Feeds
60%
Sony Ericsson S312

Sony Ericsson S312

Cut-price Cyber-shot?

  • alert
  • submit to reddit

Gartner critical capabilities for enterprise endpoint backup

Review Sony Ericsson tends to get the most publicity from its Cyber-shot cameraphones and Walkman music phones. Not unusual, that, but the company also has a large array of mid-range and lower end mobiles. A case in point: the S312. At £100 Sim-free or £69 from T-Mobile on pay-as-you-go, it fits right into that lower price bracket.

Sony Ericsson S312

Sony Ericsson's S312: ribbed for extra pleasure?

The S312 makes no pretensions to be a Cyber-shot. But despite being pitched as a bit of an all rounder, there is a greater emphasis on the camera than you might expect from a low-cost voice-centric mobile.

To that end, it does steal a clever camera idea from its higher end siblings. Hit the small round green button on the right side of the phone and you are into the camera software. Obviously, that’s nothing new. But when you are in camera mode the 3, 6, 9 and # keys double up as camera and video shooting shortcuts, small icons to the far right of the key area reminding you of their functions.

With the camera app running, they can be used to switch shooting mode to multi-shot, change the white balance settings, set the self timer and activate the camera flash, which is more of a light, really, staying on or off until you decide otherwise. In video mode, they let you fix the video duration, turn the mike on and off, change save locations - switching between phone and Memory Stick Micro storage space - and, again, use the light.

They make for easy access to a subset of the camera features, all of which are fairly quick to get around thanks to Sony Ericsson’s intuitive menu system.

Sony Ericsson S312

The camera key (top) works alongside function buttons

On the downside, you can only use the side key to start the camera software running when your at the home screen, not when you're running an application. Point-and-shoots points lost for that.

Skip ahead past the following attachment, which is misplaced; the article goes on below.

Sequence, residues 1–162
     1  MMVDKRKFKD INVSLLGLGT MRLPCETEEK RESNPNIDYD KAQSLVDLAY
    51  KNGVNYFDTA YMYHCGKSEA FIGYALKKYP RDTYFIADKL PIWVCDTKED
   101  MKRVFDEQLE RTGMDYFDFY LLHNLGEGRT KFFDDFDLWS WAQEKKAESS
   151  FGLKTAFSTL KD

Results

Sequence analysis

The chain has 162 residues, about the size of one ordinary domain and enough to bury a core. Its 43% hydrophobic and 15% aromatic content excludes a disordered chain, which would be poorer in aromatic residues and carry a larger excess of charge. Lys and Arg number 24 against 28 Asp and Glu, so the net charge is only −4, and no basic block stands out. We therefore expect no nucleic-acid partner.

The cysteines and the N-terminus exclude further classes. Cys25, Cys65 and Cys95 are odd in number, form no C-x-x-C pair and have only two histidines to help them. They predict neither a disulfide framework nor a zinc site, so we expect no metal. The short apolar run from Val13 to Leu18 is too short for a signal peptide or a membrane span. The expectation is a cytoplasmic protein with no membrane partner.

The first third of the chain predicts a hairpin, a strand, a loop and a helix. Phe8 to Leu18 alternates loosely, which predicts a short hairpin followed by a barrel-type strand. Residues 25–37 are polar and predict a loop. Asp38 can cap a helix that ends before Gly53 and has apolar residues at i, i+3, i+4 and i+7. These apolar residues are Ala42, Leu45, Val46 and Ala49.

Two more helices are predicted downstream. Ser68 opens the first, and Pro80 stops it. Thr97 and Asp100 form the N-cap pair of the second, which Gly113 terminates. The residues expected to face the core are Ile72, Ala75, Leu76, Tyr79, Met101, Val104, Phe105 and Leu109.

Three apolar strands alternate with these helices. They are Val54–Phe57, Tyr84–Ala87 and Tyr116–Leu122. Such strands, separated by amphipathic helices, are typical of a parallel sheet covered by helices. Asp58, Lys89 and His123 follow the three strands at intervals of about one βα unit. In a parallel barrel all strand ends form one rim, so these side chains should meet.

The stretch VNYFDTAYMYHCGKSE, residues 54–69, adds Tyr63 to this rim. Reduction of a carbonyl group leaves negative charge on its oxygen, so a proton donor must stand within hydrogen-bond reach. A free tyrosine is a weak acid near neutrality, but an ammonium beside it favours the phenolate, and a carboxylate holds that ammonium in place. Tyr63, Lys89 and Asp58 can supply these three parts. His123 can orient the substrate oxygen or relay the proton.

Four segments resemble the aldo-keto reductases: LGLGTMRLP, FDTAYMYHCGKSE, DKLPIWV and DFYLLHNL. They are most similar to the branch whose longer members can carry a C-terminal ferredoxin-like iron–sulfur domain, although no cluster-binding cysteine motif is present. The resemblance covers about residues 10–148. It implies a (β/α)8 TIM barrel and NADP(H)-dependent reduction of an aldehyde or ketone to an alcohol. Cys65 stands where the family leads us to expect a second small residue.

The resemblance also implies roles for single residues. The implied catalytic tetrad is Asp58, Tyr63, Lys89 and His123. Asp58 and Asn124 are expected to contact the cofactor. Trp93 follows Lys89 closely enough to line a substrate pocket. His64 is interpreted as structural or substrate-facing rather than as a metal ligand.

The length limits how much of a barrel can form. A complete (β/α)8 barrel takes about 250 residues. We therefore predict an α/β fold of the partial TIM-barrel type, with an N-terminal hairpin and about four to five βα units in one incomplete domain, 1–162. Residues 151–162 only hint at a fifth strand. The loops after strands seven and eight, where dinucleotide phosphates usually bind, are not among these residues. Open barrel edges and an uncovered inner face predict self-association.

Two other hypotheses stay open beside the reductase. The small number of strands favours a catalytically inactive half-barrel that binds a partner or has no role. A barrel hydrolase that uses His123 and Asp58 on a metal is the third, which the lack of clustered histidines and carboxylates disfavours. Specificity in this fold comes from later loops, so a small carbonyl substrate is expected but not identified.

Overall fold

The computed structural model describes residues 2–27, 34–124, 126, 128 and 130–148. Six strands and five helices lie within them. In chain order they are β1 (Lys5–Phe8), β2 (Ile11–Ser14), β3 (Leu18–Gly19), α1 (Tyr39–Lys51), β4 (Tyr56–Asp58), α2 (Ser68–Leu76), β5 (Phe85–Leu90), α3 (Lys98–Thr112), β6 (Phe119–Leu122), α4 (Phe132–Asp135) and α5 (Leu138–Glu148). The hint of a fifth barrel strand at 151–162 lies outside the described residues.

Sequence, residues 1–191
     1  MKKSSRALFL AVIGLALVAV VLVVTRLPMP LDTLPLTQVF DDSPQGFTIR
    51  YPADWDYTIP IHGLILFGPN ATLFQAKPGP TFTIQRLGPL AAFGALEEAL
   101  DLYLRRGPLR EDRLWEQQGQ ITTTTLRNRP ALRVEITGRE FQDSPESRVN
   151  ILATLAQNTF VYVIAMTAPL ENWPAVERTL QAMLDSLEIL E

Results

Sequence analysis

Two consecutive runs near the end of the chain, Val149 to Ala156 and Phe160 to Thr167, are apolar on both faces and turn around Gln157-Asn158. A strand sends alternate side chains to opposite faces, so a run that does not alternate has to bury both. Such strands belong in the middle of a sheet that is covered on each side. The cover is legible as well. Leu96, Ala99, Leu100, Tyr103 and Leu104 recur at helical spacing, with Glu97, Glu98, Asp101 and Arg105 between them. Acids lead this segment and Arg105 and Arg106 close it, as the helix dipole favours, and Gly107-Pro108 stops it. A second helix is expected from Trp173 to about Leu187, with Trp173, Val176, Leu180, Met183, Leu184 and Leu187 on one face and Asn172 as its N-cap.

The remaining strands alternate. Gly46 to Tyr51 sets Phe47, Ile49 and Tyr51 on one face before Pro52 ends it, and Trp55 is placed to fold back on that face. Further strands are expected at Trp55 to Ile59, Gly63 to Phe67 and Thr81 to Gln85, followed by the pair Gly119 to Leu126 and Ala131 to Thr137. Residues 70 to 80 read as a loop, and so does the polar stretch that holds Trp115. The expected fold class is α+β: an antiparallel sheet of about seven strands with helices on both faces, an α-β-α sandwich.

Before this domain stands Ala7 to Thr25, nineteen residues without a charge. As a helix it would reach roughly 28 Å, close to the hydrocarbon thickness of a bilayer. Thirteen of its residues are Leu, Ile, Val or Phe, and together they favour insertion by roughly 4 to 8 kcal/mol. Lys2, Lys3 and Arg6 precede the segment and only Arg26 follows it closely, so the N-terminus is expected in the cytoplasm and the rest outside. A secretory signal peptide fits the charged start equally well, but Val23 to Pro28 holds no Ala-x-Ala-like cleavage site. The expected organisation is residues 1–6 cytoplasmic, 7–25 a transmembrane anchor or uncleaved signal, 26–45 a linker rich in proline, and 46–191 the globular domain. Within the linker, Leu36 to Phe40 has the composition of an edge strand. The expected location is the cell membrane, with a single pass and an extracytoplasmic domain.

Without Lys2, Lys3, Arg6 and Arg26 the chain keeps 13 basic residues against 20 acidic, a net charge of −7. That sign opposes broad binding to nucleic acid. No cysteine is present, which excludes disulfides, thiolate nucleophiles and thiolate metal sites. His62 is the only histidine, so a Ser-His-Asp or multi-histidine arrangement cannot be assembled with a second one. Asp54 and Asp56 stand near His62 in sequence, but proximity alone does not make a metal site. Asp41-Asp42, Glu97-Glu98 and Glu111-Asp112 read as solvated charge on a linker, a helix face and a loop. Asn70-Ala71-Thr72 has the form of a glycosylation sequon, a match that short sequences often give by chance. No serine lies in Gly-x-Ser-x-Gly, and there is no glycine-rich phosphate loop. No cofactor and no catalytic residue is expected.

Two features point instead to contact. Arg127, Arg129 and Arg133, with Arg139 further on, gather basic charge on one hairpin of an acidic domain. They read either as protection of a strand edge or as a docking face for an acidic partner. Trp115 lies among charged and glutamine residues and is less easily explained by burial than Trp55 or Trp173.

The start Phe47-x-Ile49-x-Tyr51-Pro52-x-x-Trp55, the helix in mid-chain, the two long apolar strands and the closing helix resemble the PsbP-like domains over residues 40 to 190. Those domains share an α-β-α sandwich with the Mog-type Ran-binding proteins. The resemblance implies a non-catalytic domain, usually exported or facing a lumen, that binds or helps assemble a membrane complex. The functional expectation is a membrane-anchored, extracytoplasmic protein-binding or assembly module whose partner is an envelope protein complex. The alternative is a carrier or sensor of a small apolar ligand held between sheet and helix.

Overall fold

Boost IT visibility and business value

More from The Register

next story
Kate Bush: Don't make me HAVE CONTACT with your iPHONE
Can't face sea of wobbling fondle implements. What happened to lighters, eh?
Apple takes blade to 13-inch MacBook Pro with Retina display
Shaves price, not screen on mid-2014 model
iPhone 6 flip tip slips in Aussie's clip: Apple's 'reversible USB' leaks
New plug not compatible with official Type-C, according to fresh rumors
The agony and ecstasy of SteamOS: WHERE ARE MY GAMES?
And yes it does need a fat HDD (or SSD, it's cool with either)
FEAST YOUR EYES: Samsung's Galaxy Alpha has an 'entirely new appearance'
Wow, it looks like nothing else on the market, for sure
YES YES YES! Apple patents mousy, pressure-sensing iVibrator
Fanbois prepare to experience the great Cupertin-O
Steve Jobs had BETTER BALLS than Atari, says Apple mouse designer
Xerox? Pff, not even in the same league as His Jobsiness
TV transport tech, part 1: From server to sofa at the touch of a button
You won't believe how much goes into today's telly tech
Apple analyst: fruity firm set to shift 75 million iPhones
We'll have some of whatever he's having please
prev story

Whitepapers

5 things you didn’t know about cloud backup
IT departments are embracing cloud backup, but there’s a lot you need to know before choosing a service provider. Learn all the critical things you need to know.
Implementing global e-invoicing with guaranteed legal certainty
Explaining the role local tax compliance plays in successful supply chain management and e-business and how leading global brands are addressing this.
Build a business case: developing custom apps
Learn how to maximize the value of custom applications by accelerating and simplifying their development.
Rethinking backup and recovery in the modern data center
Combining intelligence, operational analytics, and automation to enable efficient, data-driven IT organizations using the HP ABR approach.
Next gen security for virtualised datacentres
Legacy security solutions are inefficient due to the architectural differences between physical and virtual environments.